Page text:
Association records on file at the Arizona Historical Foundation show the group wanted more research on fighting pests and boosting production. So the group swiftly supported a request for 7 acres to be added to an existing federal/university research center. The farmers were joined by the Arizona Cotton Planting Seed Distributors, a marketing group now known as SuPima.
The 1966 property deed on file at the Maricopa County Recorder’s Office is clear about the intent of the two groups: The federal government had to start building the research lab within 2 1 /2 years or the land would return to them.
The deed has no provisions about what should happen if the cotton lab was moved later. But Arizona lawmakers say they are convinced the growers still expected to get the land back.
"They didn’t have lawyers back then," said Sen. Jon Kyl, R-Ariz. "It was just farmers dealing with the federal government."
Now, the cotton fields are gone, and the related facilities are relics in an urban, industrial area. The Bush administration decided a couple of years ago to reorganize the cotton laboratory by combining it with a nearby water conservation laboratory and moving both to a new $28 million facility east of Maricopa in Pinal County.
Under that plan, the unneeded property would be sold at fair market value to help pay for the new project.
But when the cotton growers learned about the changes, they asked Arizona’s congressional delegation to help them bypass the normal procedures for obtaining government property.
Rep. Ed Pastor, a Phoenix Democrat whose district includes the cotton lab site, sponsored a bill in January to deed the lab site back to the original owners. The bill was co-sponsored by all House members from Arizona of both parties, including Rep. Jeff Flake, R-Ariz., who has developed a national reputation for opposing all types of government giveaways.
"You could say the cotton growers sacrificed their land for all of those years, and it’s only fair that they get it back," Pastor said.
The proposal eventually became part of an agriculture budget bill that Bush signed into law Nov. 10.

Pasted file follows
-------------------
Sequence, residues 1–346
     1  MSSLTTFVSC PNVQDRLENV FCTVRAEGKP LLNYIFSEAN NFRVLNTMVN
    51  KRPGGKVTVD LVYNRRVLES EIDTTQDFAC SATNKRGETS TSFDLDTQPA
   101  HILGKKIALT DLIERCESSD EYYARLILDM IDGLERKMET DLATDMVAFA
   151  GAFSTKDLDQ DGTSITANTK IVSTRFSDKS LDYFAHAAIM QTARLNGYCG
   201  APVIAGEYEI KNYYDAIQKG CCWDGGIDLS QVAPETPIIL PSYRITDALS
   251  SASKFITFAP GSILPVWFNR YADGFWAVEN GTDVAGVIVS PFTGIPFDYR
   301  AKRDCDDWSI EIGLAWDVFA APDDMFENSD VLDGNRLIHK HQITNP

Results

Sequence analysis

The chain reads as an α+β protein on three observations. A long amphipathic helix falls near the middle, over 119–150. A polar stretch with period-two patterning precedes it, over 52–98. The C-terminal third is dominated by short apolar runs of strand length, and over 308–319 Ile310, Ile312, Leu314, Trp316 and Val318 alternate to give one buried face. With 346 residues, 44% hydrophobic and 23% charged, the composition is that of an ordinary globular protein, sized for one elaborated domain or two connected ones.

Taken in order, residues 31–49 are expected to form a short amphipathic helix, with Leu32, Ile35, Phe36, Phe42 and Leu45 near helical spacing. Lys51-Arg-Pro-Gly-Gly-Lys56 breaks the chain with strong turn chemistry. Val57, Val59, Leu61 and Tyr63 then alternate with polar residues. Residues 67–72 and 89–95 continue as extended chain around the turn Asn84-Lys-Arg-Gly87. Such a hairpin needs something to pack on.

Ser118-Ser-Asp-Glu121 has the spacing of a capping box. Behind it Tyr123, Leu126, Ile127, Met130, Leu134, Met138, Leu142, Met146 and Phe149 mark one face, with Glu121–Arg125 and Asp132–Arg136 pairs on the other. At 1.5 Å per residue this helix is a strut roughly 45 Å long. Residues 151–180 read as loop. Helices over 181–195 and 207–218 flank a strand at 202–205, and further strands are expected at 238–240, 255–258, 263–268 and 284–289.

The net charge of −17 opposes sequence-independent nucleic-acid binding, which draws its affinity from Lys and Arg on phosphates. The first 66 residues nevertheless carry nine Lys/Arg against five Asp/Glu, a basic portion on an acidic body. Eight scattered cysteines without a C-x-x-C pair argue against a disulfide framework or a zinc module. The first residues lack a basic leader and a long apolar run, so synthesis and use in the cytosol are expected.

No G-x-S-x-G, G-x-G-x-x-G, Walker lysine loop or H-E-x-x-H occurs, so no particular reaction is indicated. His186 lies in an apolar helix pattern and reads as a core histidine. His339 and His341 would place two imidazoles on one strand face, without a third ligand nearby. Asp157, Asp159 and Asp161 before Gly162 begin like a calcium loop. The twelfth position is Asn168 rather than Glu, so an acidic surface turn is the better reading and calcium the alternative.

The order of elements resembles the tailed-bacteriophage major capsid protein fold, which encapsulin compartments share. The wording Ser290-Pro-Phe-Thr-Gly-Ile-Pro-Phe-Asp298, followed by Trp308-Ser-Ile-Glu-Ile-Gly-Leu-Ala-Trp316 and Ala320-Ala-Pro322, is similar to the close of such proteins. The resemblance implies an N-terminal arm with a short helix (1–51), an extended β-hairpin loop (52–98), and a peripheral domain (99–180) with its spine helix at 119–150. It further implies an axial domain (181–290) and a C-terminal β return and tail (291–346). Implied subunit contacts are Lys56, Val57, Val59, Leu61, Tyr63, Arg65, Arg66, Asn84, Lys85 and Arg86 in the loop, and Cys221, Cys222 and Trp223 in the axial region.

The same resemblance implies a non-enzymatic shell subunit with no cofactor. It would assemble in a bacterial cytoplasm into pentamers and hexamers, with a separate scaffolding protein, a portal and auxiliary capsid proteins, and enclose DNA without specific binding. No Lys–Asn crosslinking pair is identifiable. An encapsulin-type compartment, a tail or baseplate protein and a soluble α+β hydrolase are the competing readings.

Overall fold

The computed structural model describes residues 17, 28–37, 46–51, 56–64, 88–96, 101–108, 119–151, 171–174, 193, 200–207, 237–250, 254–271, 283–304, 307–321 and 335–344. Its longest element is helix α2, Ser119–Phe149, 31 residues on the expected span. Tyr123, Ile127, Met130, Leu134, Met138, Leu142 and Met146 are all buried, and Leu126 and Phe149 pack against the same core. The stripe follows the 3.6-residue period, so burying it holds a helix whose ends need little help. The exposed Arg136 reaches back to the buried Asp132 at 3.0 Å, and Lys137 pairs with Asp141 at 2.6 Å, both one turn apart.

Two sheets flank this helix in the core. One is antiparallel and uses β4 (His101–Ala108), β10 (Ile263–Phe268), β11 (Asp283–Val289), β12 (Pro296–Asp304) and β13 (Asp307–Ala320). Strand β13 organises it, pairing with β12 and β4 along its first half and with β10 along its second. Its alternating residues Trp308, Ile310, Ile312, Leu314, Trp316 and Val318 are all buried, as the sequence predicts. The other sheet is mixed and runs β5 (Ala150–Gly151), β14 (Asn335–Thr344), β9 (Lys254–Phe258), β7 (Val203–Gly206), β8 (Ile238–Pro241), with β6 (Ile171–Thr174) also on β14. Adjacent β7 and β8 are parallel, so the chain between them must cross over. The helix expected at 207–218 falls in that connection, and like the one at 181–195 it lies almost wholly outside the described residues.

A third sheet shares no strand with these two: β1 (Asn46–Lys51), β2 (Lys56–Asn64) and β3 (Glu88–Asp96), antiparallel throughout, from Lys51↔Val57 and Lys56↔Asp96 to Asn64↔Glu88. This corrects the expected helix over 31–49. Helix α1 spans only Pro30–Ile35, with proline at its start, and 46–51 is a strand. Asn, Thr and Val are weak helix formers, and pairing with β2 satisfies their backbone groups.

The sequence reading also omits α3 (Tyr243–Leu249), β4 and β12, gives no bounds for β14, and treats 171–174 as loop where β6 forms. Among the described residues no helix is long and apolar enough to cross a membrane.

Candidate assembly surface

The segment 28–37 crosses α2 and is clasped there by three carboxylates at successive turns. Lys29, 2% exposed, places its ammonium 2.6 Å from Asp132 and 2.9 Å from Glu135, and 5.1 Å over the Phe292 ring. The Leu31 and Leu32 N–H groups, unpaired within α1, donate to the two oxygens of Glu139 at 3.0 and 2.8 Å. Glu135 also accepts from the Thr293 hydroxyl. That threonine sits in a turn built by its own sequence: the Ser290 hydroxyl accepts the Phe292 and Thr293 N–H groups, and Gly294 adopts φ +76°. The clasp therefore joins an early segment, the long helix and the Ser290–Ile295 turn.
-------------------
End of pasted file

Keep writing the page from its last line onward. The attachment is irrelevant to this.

A FAIR DEAL?
The cotton growers and SuPima haven’t decided what to do with the property, Lavis said. The groups fund private research that could move into the buildings, but redevelopment also is a possibility, Lavis said.
Transforming the property into a business venture could be lucrative. A real estate broker said land in the area is selling for $11 to $12 a square foot, which would make the site worth at least $3.6 million. And a new office/retail site has opened next door, with the first tenant signing a $1 million lease over 10 years, according to GlobeSt.com.
In any case, SuPima and the cotton growers association won’t pay any property taxes on the site as both groups are nonprofits entitled to state tax exemptions.
Delgado claimed the two cotton groups are getting an unfair double benefit, since the cotton lab will move to a new location and continue to conduct research funded by taxpayers.
"Ultimately, it was bad management for Congress by giving it away instead of selling it and using the proceeds for something they knew the government is building," Delgado said.
- Rayme DeHay contributed to this report for the Tribune.
A sister facility, the U.S. Water Conservation Lab, is being sold and its proceeds will be used to fund the new joint facility.
The intervention by Congress is nothing short of special treatment for the two lobbies, with the taxpayers left holding the bill.